He’s one of the thriving forces in Istanbul’s floorishing nightlife, a mainstay in the national electronic music scene for almost two decades, a DJ, a producer, a trained sound-engineer, a co-label owner but foremost an artist, whose music hits the zeitgeist. Carefully selected and well-produced releases on labels such as Innervisions, Isolate and Multinotes granted Murat Uncuoglu worlwide recognition and put the artist into the scene’s spotlight. As his ‘Trees Of Light‘ EP is about to be released as early as the end of March on renowned Italian label Multinotes, Murat sat down with Torture the Artist to speak about the local electronic music scene, the role of his family for his career in the music business, his newly co-founded label Isolate and, of course, his upcoming EP.
Torture the Artist: Hello Murat, where do we find you today and what’s the last thing you’ve planned?
Murat Uncuoglu: Right now I‘m working on the pre-mastering of my next release – and to be honest it‘s a bit boring work, as sometimes I feel like would it be better to change this or that within the last minute, so I‘m usually going in between different ideas even though I have the track right in front of me.
I usually follow my feelings when it comes to production.
Torture the Artist: Your EP ‘Trees Of Lights’ will be released shortly on Multinotes and again seems to hit the zeitgeist as it is heavily supported by various key players from the scene. Would you rather go down in history as an artist who produced contemporary electronic music, or timeless pieces of music? And what‘s your approach when producing music?
Murat Uncuoglu: Yes, I‘m very excited about the new release, as every release has different meanings to me. I am so grateful for the support that I get from everyone – not only the key players of the scene but also from those who I don’t even know are supporting my work. I usually follow my feelings when it comes to production, so I produce what I feel and I guess this is my general approach, but I‘m trying to avoid the trends with sounds. Either I try to have a strong beat and a groove so that I‘m able to touch the dance floor, or a short, nice melody to touch the emotions of the listener – but without both a good harmony or a strong beat or a good melody a track can never truly touch the listener.
Torture the Artist: You’ve been dedicating your life to music for more than two decades – what have been major milestones in your career that still affect your present being as an artist?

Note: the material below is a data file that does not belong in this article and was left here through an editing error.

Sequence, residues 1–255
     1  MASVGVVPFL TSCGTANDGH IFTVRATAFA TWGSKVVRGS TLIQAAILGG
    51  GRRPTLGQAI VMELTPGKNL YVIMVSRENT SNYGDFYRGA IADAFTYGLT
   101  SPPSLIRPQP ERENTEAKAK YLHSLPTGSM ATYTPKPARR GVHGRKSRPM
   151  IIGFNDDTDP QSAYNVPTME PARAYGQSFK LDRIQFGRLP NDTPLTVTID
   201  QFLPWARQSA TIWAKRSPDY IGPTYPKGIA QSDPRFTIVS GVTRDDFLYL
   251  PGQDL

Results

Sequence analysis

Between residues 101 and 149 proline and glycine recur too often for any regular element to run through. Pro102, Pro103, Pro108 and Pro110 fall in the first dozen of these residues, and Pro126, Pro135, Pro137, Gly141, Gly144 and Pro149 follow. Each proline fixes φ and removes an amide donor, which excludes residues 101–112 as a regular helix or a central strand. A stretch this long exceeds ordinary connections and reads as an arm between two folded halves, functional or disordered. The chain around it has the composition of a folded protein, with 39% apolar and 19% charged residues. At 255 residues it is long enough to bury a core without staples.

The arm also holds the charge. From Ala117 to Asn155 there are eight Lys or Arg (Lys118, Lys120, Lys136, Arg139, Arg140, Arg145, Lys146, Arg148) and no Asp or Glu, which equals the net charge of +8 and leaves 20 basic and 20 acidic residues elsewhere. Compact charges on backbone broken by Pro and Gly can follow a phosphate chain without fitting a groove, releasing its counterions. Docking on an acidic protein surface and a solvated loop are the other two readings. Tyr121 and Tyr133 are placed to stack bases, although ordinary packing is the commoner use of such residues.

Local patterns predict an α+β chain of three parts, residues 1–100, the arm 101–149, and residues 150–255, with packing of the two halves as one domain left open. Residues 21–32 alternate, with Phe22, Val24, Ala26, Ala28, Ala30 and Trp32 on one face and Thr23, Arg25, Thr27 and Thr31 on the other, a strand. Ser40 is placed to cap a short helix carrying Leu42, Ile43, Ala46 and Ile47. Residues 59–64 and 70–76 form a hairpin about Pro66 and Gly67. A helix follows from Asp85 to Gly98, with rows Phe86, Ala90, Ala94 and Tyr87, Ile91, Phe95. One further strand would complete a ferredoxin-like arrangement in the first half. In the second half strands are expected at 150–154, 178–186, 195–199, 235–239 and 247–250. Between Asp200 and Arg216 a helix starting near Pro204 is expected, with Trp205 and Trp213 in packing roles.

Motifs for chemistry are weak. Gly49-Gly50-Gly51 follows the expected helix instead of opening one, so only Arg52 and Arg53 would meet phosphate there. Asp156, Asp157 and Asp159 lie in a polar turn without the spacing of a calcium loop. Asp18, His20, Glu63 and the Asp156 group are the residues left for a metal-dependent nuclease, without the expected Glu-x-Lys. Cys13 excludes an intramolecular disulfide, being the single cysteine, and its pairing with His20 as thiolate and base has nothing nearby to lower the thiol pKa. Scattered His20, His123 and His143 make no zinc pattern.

When I started making music conditions weren’t that easy in the country I lived in.
Murat Uncuoglu: Music, music and more music – this is basically what my life consists of. Of course as you said it’s been long time that I’ve been in this industry, and I‘ve done lots of events, and run clubs back in the day – and I‘m still doing it. When I started making music conditions weren’t that easy in the country I lived in. For instance with the technology – compared to what we have access to now – and the way society saw electronic music etc. But in the end all those diffıculties made me better and helped me to get where I am now.
Torture the Artist: Your biography states that ‘With a love for music and technology, the decision to pursue a career in electronic music was not too difficult. Applying it to a traditional society, however, was the real challenge.’ Can you explain the last part a little bit more with how you overcame these difficulties and how you dealt with these issues?
Murat Uncuoglu: I can explain it this way – around twenty years ago when I would tell people that I was a DJ, the next thing that they’d ask was, when are you going to get a proper job? It’s clear that I never backed down; I went to London, I studied sound engineering and I worked in production studios. In those days I was living by the idea that DJs had to produce their own music to get their place in the industry. Of course, there were both good and bad sides of those times.
But as they saw me growing in music they started to understand how much passion I have.
Torture the Artist: Coming back to the question before, what role did your upbringing and family play in your dream to professionally work in the music business?